By Michael Humphrey
A city is truly fortunate when it has an iconic symbol to visually represent its essence. St. Louis has its Gateway Arch, Kansas City its Liberty Memorial tower and Jefferson City its Capitol dome – rising 238 feet above ground level and topped by a bronze statue of Ceres, goddess of vegetation. As you drive in from the north and cross the Missouri River, it stands against the skyline as a reminder of what makes this city so special.
Why would you ever apologize for being the home of the Missouri State Capitol? That’s an easy question for Steve Picker, executive director of the Jefferson City Convention and Visitors Bureau. The answer: you wouldn’t.
“We are proud of our status as the state capital and of the rich history of this city,” says Picker, a lifelong resident of Jeff City. “We appreciate being the seat of government and all that means to our economy.”
…And here comes the rest of the story. For years, Jefferson City has tried to shed the singular identity of being the hub for state government. There’s more to the mid-Missouri city of more than 39,000 permanent residents and another 20,000 commuters and part-time residents.
But in trying to recast Jeff City as a place worthy to visit on its own, sometimes town cheerleaders seem close to complaining about their status as state capital. Not so with Picker.
“We just believe there’s something new to find in the old,” he says. “That’s the direction this city has been heading – rediscovering what’s exciting about our town within the framework of our history.”
So it’s no surprise that Jefferson City has re-embraced its past with the slogan: You’ll Feel the History. And the city is not just offering lip service. Near the Capitol building, the Lewis and Clark Monument Trailhead Plaza is the perfect blending of old and new. Limestone rocks and bronze statues of Lewis, Clark, George Drouillard, York and the dog Seaman will give visitors a steady sense of history. On the other hand, the Katy Trailhead link to the monument points to what is new and exciting about the city – finally connecting the Katy Trail to the Capitol and the greenway trail network, once the Missouri River Pedestrian Bridge is completed.
And you will feel the history by experiencing what made the city so vibrant and exciting 170 years ago. By taking what’s old and making it new again, Jefferson City is showing the spirit of adventure and innovation that characterized its namesake.
One thing Thomas Jefferson would never have failed to mention is the city’s strategic location. And Picker wouldn’t miss that opportunity either.
“If we can offer new ideas for groups, we know that our central location will always be a draw for us,” he says. “Especially when you are bringing in people from across the state.”
So here are some examples of what’s new in the historic capital.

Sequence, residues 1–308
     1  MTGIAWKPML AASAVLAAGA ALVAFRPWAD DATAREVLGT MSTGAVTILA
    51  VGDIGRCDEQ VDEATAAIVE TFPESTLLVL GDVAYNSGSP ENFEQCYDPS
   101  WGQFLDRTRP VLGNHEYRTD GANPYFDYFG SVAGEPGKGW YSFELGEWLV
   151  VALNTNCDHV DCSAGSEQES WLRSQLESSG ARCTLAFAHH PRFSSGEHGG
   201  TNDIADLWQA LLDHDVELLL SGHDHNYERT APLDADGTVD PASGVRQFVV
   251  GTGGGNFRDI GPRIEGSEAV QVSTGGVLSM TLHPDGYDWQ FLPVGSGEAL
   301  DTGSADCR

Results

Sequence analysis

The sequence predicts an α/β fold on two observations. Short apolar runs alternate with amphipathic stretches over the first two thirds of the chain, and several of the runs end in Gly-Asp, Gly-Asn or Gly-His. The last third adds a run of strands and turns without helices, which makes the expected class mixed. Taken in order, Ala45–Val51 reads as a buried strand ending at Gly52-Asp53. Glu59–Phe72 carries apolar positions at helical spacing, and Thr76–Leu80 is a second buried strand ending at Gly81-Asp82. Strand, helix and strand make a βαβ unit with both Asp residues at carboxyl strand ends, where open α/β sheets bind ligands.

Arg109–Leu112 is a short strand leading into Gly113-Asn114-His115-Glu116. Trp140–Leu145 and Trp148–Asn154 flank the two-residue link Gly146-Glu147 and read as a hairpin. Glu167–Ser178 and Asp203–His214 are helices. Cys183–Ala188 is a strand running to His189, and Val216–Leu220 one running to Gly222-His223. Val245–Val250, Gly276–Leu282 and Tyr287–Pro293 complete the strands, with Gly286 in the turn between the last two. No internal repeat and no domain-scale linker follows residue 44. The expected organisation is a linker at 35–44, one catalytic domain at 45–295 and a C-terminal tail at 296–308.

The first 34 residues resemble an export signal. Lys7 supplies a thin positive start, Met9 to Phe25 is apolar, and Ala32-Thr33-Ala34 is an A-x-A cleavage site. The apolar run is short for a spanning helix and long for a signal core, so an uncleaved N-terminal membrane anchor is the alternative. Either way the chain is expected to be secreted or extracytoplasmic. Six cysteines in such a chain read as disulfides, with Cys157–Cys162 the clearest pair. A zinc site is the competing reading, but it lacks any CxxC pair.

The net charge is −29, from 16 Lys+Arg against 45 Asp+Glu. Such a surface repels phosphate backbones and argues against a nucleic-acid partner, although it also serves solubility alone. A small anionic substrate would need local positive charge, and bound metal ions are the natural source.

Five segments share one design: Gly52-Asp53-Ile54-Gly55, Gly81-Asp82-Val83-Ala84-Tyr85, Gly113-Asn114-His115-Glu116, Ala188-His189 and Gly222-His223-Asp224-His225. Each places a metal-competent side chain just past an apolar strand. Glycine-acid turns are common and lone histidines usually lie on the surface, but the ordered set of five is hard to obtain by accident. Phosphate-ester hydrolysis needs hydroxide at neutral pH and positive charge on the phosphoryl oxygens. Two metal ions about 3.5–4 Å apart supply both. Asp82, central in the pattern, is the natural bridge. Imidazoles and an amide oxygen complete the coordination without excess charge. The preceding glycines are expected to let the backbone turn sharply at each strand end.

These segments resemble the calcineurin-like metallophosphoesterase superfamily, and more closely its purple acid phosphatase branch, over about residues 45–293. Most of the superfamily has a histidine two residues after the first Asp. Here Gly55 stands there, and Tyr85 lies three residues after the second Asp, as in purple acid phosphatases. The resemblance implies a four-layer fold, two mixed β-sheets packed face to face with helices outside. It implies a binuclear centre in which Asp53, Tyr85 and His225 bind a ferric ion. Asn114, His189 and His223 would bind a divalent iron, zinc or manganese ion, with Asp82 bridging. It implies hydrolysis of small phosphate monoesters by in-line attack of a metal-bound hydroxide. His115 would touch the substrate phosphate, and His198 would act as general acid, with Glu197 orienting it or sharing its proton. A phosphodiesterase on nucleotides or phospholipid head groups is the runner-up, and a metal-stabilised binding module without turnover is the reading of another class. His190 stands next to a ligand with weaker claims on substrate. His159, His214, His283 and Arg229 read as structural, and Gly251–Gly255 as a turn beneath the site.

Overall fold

You might not think of a prison as the new hot spot in town, but Jefferson City is cagey about its prospects. The neighborhoods that surround the city’s old penitentiary – built in 1836 and decommissioned in 2004 – are starting to experience a renaissance. The Missouri State Penitentiary Redevelopment Commission is specifically in charge of finding ways to use the historic building and the grounds.
But Prison Brews is ahead of the game. It’s not actually part of the old prison system – though you would never guess it given all the bars that are up. It’s actually an old creamery that has been turned into Jeff City’s first microbrewery since Prohibition.
A wood-fired stove makes delicious pizzas and a full grill menu, including stout stew, and offers a wide variety of food for small groups or a larger catered event. Six kinds of beer are the favorites around here though – from light wheat to hops-happy ales.
“This is an area where you can see Jefferson City is moving in exciting directions,” says Sarah Stroesser, communications manager for the Jefferson City CVB. “It’s happening not so much by the government, but by people who like the old houses and buildings and want to bring it back to life.”
One example nearby is the Contemporary Art Museum.
“There are a lot more artists – talented artists, people who show in New York – than I would have ever guessed,” says Carla Steck, president of the museum’s non-profit board. “For Jefferson City, this is a major step toward appreciating the visual arts.”
More than 60 contemporary visual artists from across the U.S., Canada and Europe have exhibited in the museum. The current exhibit is the work of the NEONWARRIOR of Kansas City. The museum also contains “TOTEMS,” a piece from Olympic artist John Dahlsen, and “Hand Knit Motorcycle Cozy,” by Theresa Honeywell of Wellsboro, Pa.
Two separate exhibit spaces offer room for up to 200 people in a cocktail setup.
“It’s something new for people who are tired of meeting in the same places,” Steck says. “Communing with art adds an energy you can’t get anywhere else.”